Why does self-criticism arise and why might we get stuck in it? This chapter explores the physiological, social-cultural, and evolutionary theories that may help us to understand the experience of self-criticism. Experiences of stigma, shame, guilt, and self-criticism are embedded in innate potentials for human experience that are social. Motives for both competition and caring have evolved within humans. Competition motives shape our experiences of shame, humiliation, and self-criticism, while caring motives may shape our experiences of guilt, compassion, and empathy. Understanding these contrasting motivational underpinnings can help to tease apart the different facilitators and inhibitors of self-forgiveness. This chapter also explores self-compassion as a component of self-forgiveness and how this is a key resource for addressing unhelpful or hostile self-criticisms.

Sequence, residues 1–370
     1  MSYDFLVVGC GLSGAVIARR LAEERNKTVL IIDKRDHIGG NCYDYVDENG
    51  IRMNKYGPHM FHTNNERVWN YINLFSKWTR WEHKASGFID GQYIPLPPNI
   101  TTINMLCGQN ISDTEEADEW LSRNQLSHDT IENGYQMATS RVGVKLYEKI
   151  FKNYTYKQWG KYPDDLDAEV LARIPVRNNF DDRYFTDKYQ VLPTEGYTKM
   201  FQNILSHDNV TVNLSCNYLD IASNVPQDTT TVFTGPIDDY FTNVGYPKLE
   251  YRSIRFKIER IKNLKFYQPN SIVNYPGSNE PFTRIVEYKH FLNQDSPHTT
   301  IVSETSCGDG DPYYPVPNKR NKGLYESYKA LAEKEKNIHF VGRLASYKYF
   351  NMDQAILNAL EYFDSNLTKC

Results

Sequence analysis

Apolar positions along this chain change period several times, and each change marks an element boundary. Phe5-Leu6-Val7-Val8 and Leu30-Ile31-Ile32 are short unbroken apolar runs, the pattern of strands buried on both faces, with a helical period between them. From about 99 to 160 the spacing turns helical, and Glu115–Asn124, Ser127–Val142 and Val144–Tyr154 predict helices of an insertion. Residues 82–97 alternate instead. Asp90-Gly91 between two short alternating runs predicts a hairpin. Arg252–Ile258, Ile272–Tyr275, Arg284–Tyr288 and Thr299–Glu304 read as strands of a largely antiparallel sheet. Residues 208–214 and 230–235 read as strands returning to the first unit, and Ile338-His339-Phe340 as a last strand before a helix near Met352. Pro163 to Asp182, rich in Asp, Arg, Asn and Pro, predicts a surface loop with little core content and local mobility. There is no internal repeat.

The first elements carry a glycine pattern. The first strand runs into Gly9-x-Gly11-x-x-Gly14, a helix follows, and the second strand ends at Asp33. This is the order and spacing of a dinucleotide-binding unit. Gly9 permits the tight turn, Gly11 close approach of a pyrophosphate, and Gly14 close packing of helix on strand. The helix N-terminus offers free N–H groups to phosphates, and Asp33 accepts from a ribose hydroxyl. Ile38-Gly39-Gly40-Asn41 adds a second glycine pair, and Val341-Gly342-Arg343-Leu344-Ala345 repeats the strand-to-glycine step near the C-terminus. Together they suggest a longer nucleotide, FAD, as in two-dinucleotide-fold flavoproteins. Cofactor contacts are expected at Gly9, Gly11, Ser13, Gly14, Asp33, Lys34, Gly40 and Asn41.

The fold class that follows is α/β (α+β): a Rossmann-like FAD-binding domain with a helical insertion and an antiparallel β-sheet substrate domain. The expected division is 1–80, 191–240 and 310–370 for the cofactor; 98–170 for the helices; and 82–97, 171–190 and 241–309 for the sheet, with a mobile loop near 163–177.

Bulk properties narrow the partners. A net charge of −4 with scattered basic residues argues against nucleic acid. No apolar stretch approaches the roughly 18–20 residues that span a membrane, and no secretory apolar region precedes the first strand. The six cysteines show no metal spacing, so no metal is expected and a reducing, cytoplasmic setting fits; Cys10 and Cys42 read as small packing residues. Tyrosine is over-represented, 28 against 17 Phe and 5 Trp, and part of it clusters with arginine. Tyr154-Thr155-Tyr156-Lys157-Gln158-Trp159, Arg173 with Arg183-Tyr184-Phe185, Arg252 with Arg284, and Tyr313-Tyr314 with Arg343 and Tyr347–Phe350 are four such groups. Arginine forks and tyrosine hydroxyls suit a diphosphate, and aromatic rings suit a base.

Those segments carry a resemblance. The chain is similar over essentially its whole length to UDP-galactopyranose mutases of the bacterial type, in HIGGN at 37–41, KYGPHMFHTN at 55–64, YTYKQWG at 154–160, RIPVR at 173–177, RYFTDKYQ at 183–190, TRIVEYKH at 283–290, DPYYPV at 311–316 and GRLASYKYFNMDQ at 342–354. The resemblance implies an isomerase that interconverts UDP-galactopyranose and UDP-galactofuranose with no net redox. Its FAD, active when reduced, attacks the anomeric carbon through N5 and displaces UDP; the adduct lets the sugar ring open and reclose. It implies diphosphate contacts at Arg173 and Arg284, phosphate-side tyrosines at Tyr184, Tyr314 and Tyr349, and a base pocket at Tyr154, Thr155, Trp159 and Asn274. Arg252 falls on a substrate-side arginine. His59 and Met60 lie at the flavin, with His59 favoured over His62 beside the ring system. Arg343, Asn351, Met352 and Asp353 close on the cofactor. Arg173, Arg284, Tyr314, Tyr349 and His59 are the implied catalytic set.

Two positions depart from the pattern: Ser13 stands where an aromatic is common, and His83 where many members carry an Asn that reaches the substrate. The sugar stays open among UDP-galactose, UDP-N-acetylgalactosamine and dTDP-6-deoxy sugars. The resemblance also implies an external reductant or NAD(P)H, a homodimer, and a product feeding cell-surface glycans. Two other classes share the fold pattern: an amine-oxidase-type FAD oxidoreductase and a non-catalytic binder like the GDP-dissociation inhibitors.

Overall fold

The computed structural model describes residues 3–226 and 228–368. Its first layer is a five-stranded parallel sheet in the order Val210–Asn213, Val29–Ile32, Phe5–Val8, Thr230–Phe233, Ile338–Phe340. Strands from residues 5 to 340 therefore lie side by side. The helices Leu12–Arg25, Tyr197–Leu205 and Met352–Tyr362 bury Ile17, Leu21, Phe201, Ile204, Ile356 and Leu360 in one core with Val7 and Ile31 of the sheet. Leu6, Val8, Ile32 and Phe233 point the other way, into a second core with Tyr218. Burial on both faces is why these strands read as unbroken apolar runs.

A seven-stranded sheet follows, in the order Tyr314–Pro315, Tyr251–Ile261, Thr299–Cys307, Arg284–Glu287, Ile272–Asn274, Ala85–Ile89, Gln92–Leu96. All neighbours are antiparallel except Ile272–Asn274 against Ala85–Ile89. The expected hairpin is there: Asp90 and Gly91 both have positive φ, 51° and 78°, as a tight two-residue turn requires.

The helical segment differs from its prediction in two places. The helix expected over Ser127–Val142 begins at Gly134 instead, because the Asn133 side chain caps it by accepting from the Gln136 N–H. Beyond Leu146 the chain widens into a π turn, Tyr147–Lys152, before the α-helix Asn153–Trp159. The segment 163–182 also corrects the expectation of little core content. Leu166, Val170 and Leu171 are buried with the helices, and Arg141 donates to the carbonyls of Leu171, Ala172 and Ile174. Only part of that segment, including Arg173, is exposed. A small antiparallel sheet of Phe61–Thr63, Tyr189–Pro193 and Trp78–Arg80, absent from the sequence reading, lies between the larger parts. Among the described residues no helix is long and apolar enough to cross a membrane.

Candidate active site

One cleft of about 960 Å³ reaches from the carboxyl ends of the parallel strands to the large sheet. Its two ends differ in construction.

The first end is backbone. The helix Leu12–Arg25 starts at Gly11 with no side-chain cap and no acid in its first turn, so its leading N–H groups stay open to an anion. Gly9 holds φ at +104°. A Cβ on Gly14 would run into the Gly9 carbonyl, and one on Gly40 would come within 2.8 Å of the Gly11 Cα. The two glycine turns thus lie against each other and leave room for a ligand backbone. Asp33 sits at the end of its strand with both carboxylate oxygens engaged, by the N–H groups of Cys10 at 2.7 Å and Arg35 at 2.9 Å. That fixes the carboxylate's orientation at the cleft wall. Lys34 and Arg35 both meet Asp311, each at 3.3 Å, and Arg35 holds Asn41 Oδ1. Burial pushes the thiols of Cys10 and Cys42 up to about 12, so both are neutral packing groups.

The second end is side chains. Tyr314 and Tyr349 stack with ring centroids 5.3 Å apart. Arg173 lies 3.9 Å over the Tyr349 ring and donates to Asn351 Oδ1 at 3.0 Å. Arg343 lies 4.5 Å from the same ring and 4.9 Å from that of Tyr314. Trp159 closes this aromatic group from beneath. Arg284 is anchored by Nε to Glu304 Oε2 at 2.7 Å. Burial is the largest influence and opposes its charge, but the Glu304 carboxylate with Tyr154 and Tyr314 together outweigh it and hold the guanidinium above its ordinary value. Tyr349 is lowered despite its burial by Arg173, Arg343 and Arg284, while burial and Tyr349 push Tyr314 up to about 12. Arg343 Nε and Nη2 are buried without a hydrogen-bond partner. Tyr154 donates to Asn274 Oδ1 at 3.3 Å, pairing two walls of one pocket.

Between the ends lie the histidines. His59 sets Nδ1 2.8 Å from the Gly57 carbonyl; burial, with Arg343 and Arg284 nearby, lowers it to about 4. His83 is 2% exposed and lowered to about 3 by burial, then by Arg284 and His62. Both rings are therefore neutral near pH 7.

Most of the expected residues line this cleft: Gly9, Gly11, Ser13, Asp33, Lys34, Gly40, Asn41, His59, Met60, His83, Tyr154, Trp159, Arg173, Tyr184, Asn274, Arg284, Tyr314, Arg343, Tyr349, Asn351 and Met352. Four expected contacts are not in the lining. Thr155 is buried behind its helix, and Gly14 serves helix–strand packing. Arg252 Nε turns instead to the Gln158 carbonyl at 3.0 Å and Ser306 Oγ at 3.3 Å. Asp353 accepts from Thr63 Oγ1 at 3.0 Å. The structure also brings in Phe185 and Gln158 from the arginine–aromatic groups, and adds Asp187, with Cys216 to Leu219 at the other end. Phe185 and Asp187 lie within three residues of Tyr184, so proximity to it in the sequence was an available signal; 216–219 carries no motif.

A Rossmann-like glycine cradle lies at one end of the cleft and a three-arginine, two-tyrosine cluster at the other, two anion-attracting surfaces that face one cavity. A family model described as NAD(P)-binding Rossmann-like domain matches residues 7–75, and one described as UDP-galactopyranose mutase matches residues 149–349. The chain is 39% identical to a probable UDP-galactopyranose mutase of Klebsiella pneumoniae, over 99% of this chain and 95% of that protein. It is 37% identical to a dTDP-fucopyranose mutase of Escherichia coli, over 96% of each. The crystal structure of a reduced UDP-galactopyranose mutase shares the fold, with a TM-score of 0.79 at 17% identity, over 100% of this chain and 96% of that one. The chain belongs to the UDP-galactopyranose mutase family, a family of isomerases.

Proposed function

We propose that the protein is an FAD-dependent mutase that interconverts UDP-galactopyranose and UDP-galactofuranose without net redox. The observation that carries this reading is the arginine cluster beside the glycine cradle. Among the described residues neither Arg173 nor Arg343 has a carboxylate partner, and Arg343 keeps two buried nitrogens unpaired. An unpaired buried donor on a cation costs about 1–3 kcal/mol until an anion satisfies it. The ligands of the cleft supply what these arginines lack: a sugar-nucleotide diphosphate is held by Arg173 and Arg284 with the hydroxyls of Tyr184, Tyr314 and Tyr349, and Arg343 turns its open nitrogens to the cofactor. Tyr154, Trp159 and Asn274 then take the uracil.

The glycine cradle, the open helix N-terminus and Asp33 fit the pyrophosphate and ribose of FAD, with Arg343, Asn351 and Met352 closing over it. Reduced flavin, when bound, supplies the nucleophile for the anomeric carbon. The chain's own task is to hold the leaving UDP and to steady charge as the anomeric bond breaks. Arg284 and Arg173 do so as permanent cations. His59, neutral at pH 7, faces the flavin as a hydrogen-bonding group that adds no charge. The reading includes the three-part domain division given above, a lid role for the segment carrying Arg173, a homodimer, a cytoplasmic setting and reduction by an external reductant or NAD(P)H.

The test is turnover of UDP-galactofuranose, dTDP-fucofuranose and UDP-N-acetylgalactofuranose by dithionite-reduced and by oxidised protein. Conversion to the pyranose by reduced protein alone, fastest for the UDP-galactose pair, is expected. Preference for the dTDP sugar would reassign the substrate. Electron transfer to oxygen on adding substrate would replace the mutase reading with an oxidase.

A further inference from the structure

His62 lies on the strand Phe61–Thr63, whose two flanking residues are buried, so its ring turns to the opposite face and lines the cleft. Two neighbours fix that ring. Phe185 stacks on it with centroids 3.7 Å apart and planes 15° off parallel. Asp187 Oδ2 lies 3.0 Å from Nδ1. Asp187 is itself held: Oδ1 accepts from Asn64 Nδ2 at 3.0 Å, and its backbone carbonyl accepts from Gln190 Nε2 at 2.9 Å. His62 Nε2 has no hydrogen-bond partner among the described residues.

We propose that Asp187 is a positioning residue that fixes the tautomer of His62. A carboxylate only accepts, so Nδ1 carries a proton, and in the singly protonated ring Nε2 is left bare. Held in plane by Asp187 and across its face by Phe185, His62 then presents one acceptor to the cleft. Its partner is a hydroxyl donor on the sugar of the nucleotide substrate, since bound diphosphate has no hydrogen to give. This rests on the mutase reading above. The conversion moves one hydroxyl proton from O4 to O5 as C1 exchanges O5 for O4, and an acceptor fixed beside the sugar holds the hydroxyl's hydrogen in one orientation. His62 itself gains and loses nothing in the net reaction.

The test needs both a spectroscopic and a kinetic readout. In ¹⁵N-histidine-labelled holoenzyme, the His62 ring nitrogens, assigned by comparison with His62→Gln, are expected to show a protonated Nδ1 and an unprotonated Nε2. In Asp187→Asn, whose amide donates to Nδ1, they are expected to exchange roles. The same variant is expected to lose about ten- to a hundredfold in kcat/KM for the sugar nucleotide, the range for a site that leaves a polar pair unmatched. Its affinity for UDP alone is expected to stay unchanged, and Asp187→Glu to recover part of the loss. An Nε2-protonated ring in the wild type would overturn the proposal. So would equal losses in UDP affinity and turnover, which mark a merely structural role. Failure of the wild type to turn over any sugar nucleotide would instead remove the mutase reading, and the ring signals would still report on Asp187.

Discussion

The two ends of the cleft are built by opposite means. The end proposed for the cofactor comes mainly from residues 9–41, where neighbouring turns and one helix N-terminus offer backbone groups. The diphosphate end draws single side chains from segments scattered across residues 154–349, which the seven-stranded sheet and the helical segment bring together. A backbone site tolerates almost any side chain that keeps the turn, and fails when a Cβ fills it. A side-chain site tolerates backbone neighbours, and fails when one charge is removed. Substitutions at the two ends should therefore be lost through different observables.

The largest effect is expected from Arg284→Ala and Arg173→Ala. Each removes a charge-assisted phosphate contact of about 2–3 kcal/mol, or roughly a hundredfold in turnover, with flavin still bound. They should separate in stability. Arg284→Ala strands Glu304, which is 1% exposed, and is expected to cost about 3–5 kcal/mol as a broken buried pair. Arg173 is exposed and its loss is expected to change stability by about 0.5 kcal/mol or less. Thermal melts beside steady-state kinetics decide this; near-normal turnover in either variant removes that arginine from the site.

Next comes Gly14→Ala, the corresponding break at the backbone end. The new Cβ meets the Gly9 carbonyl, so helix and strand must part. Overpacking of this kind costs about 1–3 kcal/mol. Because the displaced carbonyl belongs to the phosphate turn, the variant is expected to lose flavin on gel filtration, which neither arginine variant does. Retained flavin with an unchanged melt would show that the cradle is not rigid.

|Title of host publication||Handbook of the Psychology of Self-Forgiveness|
|Editors||Lydia Woodyatt, Everett L Worthington, Michael Wenzel, Brandon J Griffin|
|Place of Publication||Switzerland|
|Number of pages||13|
|Publication status||Published - 9 Sep 2017|
Gilbert, P., & Woodyatt, L. (2017). An Evolutionary Approach to Shame-Based Self-Criticism, Self-Forgiveness, and Compassion. In L. Woodyatt, E. L. Worthington, M. Wenzel, & B. J. Griffin (Eds.), Handbook of the Psychology of Self-Forgiveness (pp. 29-41). Springer. https://doi.org/10.1007/978-3-319-60573-9_3